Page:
The American Cemetery

The American Cemetery is located just above Omaha Beach where, on the morning of June 6, 1944, the sand was bathed in the blood of the Allied Forces. In the municipality of Colleville-sur-mer, the cemetery spreads out over a distance of 1 kilometer and 70 hectares. Several NormandyTours pass through this place.

Omaha Beach Memorial Monument

©Dennis Jarvis

A Place of Contemplation

Nine-thousand three-hundred and eighty-seven white marble steles dot the verdant green lawn of the Colleville-sur-Mer American Cemetery. A chapel demarcates the intersection of its two main alleys and the toll of the bell pierces the silence, rendering homage to the men who sacrificed their lives in the fight against the Axis powers. Among those who lie at the cemetery, 307 are unidentified. The cemetery can be visited during the day. 

The military cemetery in Colleville-sur-mer

©Flickr / isamiga76"

The Missing in Action Garden

The D-day landings and the Battle of Normandy account for countless casualties among the Western Allied forces. Unfortunately, not all the bodies of those who perished were found and the list of those Missing in Action totaled 1,557 persons. A terrible war, as you can see by visiting the Caen Memorial.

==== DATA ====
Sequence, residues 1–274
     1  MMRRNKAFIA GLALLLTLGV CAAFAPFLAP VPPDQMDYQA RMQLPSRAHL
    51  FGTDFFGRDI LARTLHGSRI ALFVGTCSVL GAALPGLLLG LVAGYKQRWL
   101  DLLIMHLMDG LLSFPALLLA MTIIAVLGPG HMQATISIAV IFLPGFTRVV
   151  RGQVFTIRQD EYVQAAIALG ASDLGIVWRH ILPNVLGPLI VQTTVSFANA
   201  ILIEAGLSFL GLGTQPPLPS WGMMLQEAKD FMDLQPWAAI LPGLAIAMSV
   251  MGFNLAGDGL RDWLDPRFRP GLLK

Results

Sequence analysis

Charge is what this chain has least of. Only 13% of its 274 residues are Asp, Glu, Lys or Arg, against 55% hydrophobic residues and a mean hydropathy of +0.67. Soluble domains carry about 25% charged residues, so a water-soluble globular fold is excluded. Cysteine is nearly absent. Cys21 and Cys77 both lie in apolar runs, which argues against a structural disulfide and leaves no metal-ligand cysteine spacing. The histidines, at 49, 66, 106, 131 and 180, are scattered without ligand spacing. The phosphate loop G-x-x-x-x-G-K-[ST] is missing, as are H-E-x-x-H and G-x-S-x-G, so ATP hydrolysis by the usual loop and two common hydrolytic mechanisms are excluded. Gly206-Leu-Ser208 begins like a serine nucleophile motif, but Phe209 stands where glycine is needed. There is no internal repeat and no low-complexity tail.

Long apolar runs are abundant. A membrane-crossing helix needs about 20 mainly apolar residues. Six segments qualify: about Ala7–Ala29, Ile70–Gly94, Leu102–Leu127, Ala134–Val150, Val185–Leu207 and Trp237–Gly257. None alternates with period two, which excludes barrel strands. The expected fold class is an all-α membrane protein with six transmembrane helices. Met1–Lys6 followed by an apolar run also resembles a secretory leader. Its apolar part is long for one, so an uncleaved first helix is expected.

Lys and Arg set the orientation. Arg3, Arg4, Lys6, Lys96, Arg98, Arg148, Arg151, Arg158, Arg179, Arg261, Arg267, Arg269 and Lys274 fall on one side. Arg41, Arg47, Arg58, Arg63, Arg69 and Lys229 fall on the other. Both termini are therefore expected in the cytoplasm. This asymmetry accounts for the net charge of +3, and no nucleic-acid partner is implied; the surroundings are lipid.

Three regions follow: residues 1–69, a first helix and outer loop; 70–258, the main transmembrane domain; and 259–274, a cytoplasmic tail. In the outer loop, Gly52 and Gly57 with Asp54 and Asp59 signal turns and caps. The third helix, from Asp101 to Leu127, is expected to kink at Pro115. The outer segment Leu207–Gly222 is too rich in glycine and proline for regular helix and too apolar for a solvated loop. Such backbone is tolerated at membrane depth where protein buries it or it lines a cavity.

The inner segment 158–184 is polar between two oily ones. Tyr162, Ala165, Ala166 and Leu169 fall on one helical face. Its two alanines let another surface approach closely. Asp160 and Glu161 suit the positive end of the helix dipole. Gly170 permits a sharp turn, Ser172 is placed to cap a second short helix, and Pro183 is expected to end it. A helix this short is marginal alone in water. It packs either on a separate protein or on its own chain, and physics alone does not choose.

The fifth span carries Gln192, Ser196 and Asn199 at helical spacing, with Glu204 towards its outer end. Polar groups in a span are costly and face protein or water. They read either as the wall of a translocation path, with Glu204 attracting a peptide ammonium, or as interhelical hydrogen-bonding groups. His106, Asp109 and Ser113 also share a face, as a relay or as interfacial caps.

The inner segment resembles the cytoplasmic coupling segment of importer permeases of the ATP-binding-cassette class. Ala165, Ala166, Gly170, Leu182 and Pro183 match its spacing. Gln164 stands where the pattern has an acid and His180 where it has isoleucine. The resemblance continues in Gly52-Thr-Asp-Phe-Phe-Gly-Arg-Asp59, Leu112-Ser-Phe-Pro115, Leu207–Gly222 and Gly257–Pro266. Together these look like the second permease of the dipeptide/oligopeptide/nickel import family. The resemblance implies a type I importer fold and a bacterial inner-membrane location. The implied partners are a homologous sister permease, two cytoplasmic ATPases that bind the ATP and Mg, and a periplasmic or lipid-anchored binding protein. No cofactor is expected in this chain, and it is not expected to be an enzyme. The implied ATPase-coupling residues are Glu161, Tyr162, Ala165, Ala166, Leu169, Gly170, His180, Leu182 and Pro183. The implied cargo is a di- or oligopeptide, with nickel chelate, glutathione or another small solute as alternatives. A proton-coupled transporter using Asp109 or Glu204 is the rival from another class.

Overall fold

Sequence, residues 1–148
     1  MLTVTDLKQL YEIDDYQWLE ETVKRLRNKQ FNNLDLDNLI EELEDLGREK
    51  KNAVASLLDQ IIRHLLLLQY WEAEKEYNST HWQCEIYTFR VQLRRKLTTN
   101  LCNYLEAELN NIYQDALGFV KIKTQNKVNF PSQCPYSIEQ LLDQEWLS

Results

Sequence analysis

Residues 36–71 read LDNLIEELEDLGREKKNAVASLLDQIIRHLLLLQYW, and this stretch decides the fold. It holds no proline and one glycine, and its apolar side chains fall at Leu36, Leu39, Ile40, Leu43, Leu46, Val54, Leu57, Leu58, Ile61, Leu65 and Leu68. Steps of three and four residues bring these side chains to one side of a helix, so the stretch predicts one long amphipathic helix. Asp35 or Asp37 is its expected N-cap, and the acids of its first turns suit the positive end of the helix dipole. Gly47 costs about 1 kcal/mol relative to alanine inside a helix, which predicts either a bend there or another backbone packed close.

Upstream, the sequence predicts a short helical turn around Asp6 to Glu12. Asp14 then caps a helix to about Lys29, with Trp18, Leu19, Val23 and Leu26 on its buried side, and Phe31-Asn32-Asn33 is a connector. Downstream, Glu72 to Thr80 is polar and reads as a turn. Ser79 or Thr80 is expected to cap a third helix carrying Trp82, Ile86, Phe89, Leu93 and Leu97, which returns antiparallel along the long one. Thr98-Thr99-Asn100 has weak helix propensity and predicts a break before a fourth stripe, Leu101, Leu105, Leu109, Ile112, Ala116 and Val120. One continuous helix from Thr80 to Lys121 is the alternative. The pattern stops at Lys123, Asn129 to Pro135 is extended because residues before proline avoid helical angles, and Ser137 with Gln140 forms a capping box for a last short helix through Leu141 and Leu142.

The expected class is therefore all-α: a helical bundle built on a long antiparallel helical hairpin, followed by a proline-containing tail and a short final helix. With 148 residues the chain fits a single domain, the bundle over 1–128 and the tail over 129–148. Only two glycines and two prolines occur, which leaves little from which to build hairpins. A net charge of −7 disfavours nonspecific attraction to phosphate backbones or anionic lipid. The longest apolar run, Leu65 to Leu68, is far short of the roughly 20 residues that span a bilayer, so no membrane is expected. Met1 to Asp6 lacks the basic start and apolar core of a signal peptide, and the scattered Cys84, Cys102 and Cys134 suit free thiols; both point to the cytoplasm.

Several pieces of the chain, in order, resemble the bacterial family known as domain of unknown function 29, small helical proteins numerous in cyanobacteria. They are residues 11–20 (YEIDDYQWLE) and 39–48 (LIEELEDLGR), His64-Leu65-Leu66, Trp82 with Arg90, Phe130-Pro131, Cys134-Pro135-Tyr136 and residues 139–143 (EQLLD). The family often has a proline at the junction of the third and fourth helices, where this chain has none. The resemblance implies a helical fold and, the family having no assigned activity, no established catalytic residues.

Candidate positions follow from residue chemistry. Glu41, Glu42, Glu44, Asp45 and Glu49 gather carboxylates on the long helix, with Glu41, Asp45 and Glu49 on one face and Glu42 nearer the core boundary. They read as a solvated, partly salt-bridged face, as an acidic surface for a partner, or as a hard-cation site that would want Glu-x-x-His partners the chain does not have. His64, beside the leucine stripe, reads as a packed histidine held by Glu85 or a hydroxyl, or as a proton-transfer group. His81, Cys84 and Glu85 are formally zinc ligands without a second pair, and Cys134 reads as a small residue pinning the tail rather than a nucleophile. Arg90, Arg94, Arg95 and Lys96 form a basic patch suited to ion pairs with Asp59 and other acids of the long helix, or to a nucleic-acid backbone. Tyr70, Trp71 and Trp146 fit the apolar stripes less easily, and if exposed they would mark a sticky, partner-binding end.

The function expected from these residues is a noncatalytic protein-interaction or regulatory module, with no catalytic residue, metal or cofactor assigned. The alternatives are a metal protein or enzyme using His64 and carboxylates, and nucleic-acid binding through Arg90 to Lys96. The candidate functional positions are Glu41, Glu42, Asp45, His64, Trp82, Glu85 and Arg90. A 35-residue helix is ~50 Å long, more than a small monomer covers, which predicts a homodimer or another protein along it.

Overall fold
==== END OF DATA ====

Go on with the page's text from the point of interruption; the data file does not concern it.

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The Missing in Action Garden

The garden is enclosed by walls in the shape of circled arches on which the names of those missing in action are engraved. These engravings inventory the remains of those soldiers who were never found or found but never identified, as was the case for the 800 men of the 66th Infantry Division who died during a torpedo attack.

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The Memorial

Visitors reach the Memorial by following the main alley. The monument is in the shape of a half-circle in the middle of which a 7-meter high statue is placed. The statue figuratively represents “the spirit of American youth rising from the depths.” The maps of numerous military operations are engraved on the Memorial’s walls and cover the following events:

  • Normandy beach landings
  • Aerial operations in Normandy from March to August 1944
  • Amphibious assaults and landings on D-day
  • Military operations in West Europe from June 6, 1944, to May 8, 1945.

A Token of French-American Relations

The cemetery is entirely managed by the American Battle Monuments Commission, an independent agency that administers American cemeteries and monuments from both world wars that are located outside of the United States. The plot of land on which the cemetery sits was ceded to the US from France.

The link forged between the two countries is symbolized by two statues found in the cemetery: one is the figure of Columbia who carries the American eagle and the other is the figure Marianne who holds the French rooster. Each figure holds an olive branch that symbolizes the peace that exists between the people of both nations who are united in peace, friendship, and spirit.

Don't miss The Military Cemetery of Bayeux, with more than 4000 graves.